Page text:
The Winter Days of a Land Steward
by Dakota Ward
Though winter has been slow to start, as of writing this it seems like it might just be here. At the Land Trust, we’ve been both grateful for the lack of snow and wishing for more. Grateful, as it has made several of our outdoor projects easier to complete, but we are ready to ski, snowshoe and fatbike on the trails.
Despite the pandemic, and the changes brought to the world and to the Land Trust, many tasks still must happen. As the Land Steward, I’ve been working on quite a few of them.
As a conserved lands holder/owner, the Brunswick-Topsham Land Trust is required to do yearly inspections and reports on both conservation easements (like the Cathance River Nature Preserve) and owned land (like Crystal Spring Farm). Over the course of last fall, Land Trust staff and volunteers visited every property (with COVID precautions in place) and took notes and photos of the conditions present. With winter here, and less pleasant weather necessitating inside work, I’ve been working to review and file those reports, working with a database a volunteer helped the Land Trust set up. This process allows the Land Trust to get an on-the-ground snapshot of the property conditions in addition to changes in human use patterns, wildlife, and vegetation year to year. This helps to inform our management practices and provide information to private landowners who have conserved their property.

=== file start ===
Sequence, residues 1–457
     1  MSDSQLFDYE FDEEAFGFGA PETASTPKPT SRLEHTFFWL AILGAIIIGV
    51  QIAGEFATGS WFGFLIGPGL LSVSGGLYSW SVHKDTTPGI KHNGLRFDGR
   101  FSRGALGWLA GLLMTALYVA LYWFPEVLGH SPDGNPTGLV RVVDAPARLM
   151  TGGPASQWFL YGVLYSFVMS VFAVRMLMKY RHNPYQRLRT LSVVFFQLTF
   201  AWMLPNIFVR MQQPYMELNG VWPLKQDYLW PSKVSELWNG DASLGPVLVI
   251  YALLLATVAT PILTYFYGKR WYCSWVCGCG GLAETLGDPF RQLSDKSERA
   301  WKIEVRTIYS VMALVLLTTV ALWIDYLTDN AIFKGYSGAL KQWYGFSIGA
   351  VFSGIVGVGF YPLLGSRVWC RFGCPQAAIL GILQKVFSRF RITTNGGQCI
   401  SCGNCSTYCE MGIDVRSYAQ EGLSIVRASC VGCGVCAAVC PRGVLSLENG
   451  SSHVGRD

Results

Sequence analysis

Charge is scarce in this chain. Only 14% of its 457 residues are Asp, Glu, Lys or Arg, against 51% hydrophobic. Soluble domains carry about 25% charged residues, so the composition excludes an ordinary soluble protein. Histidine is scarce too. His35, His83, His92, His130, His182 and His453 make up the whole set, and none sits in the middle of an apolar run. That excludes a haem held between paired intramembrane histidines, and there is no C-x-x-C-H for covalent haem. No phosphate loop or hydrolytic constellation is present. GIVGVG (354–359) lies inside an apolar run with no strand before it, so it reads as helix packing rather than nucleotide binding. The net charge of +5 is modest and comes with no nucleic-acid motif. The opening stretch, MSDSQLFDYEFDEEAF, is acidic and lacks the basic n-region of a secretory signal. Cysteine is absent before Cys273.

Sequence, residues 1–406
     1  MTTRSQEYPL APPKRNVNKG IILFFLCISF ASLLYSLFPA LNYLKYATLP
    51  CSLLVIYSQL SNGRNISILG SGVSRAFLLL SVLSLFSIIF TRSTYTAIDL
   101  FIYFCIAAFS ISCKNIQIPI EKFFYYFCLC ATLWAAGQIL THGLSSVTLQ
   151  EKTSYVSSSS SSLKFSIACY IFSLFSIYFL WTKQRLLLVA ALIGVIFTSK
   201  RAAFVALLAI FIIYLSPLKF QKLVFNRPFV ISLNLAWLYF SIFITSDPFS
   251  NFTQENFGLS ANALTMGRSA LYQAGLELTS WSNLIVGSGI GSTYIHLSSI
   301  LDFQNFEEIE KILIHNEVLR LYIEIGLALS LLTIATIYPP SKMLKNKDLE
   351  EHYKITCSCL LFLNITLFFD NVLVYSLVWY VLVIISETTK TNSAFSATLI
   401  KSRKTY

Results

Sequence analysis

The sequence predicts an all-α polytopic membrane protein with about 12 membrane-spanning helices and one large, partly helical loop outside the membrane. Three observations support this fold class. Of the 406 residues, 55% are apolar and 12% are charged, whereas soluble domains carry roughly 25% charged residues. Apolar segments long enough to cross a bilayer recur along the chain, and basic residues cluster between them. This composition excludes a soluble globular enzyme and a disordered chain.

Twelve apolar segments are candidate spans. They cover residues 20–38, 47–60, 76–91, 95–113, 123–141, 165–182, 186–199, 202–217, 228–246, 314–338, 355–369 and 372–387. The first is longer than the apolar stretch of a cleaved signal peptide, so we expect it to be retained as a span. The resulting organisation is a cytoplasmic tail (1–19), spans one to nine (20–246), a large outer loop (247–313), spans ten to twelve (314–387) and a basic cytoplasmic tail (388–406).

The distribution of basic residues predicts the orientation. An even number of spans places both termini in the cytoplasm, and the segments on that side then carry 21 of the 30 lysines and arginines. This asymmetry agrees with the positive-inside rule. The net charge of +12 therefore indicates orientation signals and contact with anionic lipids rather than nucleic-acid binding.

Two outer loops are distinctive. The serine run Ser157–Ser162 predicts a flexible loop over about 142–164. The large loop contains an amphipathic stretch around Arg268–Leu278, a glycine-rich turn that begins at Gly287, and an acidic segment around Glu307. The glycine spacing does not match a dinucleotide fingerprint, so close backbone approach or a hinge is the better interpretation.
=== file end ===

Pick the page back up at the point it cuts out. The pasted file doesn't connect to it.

Not every day has been blustery and cold, however. Another project this fall has been an exciting possible conservation project on the Cathance River. We’ve been creating baseline documentation, maps, photos, and more for this project. Margaret Wilson (BTLT Vice President), Margaret Gerber (BTLT Stewardship Manager), and I have made several visits to the property, looking for potential trails routes, documenting natural features and communities, and generally getting to know the land.
Of course, around these larger projects are the smaller, but still needed, tasks of maintaining and building trails, updating signage, and preparing for the next year. Over just the last month, we’ve blazed several new trails for construction in the spring, and cleared who knows how many blowdowns from the winter storms… all things that wouldn’t be possible without the help of the many BTLT volunteers that join us.
With that said, hopefully this snow will stick out around – get out and enjoy the trails and properties that the Brunswick-Topsham Land Trust has to offer!
Dakota joined the Land Trust in July of 2020, having previously worked at the Greater Lovell Land Trust. He grew up on a small off-grid family farm in the White Mountains, where his love and respect for the outdoors was born. Dakota is an adjunct faculty in the Graphic Communications program at Central Maine Community College and enjoys hiking, mountain biking, and backcountry skiing in his spare time. He lives in New Gloucester with his partner.